A Mormon church building in Provo is getting a new life as a high-end apartment building.

Developer Greg Soter tells KSL (http://bit.ly/x8YWdv) he plans to renovate the old Provo 4th Ward of The Church of Jesus Christ of Latter-day Saints into 15 modern, single-bedroom apartments.

Built in 1915, the brick, piqued-roof building was used as a church until about 30 years ago. Since then the building has been a private school and a wedding reception center.


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Judge says evidence of additional sexual conduct by Mormon marriage counselor not admissible

February 14, 2012

The Republic (Indiana)

A judge will not allow prosecutors to admit additional evidence of sexual misconduct against a 57-year-old man accused of posing as a Mormon marriage counselor.

Arturo Tenorio of Kearns faces two felony forcible sexual abuse charges. Police say Tenorio counseled couples referred to him through a Utah County bishop from a Church of Jesus Christ of Latter-day Saints congregation.

He has pleaded not guilty to charges involving two women, who police say were sexually abused during individual counseling sessions.

Prosecutors sought to admit evidence of sexual misconduct against two other adult women not named as victims.


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Utah’s Olympic Legacy: How Utah’s Image has Evolved

February 15, 2012

KUER (Utah)

In the early 90’s, a tourist from Germany was riding a ski lift in Park City as he confidently proclaimed that Utah would never host the Winter Olympics. “Because of the Mormons,” he said. Less than ten years later, Salt Lake City welcomed the world for the Games. In the process, the way the world sees Salt Lake City has changed. Just as important, the way Utahns see themselves as also evolved.

While Mitt Romney saw his job as primarily to get the 2002 Winter Games on a sound financial footing, he was also challenged from time to time by a perception that he – and the organizing committee he led – was dominated by The Church of Jesus Christ of Latter-day Saints. Romney tried to counter the perception that these would be the “Mo-lympics” with a glass of champagne. Actually, he was drinking orange juice, but sparkling wine filled every other glass at a news conference in March of 2001.


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Christian churches’ teachings do vary

February 15, 2012

Redding Record-Searchlight (California)

A few items to correct from the Saturday letter by David Spagnola about the Mormons not having Christian doctrine. First, there are many different Christian churches. All have different teachings about Jesus. Otherwise, why would there be so many of them?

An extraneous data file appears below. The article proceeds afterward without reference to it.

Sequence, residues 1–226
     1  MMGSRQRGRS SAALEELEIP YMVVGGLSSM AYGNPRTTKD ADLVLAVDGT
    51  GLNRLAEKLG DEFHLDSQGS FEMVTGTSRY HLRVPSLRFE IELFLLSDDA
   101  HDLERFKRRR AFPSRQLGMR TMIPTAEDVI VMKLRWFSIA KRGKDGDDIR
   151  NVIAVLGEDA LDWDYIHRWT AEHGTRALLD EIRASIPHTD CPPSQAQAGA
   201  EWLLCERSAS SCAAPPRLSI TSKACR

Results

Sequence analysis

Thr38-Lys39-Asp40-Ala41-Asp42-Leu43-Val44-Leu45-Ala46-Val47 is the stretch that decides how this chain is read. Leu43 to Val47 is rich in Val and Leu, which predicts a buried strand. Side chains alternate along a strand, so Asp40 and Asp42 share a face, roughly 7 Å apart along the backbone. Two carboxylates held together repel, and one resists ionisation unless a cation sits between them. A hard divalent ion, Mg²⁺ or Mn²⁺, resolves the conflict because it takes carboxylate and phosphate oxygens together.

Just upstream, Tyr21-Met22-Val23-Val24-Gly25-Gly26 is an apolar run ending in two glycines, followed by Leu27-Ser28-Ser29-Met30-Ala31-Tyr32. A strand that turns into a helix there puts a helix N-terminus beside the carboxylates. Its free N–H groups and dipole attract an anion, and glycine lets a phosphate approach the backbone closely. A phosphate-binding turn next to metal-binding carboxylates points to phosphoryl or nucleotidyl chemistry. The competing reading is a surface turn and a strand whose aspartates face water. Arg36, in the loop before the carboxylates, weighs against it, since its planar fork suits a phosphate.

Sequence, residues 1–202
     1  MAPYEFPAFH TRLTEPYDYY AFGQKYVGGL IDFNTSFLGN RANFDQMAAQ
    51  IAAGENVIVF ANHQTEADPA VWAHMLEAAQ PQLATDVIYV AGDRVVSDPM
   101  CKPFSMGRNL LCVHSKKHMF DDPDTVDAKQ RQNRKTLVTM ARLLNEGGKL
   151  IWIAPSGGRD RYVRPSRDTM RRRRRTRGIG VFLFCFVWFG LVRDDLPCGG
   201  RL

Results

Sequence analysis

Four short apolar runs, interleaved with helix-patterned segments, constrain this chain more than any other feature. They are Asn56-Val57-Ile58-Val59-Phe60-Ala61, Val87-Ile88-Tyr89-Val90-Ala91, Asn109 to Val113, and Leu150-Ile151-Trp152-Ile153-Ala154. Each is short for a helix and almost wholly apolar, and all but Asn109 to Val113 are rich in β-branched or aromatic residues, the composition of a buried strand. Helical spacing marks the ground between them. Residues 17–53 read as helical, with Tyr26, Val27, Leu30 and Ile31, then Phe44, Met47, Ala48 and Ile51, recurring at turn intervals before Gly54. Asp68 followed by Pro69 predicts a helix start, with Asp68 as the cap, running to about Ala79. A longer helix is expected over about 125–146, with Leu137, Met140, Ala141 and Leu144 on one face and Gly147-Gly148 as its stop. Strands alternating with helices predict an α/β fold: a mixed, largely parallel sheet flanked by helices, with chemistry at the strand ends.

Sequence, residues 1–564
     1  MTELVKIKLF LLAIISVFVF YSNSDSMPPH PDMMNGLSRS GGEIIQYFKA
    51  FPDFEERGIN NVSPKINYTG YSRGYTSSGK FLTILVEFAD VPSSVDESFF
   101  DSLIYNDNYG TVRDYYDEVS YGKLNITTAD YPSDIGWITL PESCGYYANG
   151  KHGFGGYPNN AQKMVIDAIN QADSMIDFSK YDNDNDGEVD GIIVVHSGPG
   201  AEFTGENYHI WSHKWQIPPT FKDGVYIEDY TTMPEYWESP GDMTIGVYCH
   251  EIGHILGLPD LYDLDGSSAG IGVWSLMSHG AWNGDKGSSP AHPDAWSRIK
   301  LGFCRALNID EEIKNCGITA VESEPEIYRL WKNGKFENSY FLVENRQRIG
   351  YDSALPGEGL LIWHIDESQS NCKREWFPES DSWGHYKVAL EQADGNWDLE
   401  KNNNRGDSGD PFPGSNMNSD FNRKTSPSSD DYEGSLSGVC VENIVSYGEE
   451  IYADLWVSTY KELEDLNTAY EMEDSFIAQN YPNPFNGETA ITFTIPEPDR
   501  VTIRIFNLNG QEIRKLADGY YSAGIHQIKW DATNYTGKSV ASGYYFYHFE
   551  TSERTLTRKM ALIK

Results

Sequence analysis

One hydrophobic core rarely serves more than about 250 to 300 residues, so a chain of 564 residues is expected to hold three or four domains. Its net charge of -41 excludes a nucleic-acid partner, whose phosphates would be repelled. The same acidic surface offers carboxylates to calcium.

The scriptures studied by the LDS faith are

1. The King James Version of the Bible,

2. The Book of Mormon,

3. The Doctrine and Covenants, and

4. The Pearl of Great Price.

We believe all these to be the word of God. The books, Epistles and other documents in the Bible are mostly the record of the tribe of Judah. The Book of Mormon is the record of the tribe of Joseph.

Now, I’m not a scholar, but I believe the word “bible” means library. So, the bible is of many different books and letters and authors. The Book of Revelation’s warning of adding or subtracting from the book is for the Book of Revelation itself only. Not the entire Bible. Otherwise, the Bible would have to be cut off at the Book of Deuteronomy, which has the same warning, but that is for the book of Deuteronomy only; then there would not be any scriptures in the Bible past Deuteronomy.


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Arts & Humanities Reviews, February 15, 2012

February 14, 2012

Library Journal

With two Mormons among recent GOP presidential hopefuls, interest in Mormonism is at a new high. For readers looking for a historical introduction, there is no better book than this. Bowman (religion, Hampden-Sydney Coll.) manages the nearly impossible–he is both fair and objective. He clarifies that his book is a work of considered synthesis of other scholarship. He doesn’t overlook the heroic or the tawdry. He covers the famous trek west and such controversial topics as the origin of the Book of Mormon, Joseph Smith’s polygamous relationships, and Mormon ideas on race, all with appropriate detachment. He also covers contemporary topics of the modern Mormon church with riveting prose. Appendixes explain the structure of the church and offer brief biographies of the cast of characters. The bibliographic essay is a great starting place for further pursuing the topic and could serve as a syllabus for a Mormon history course.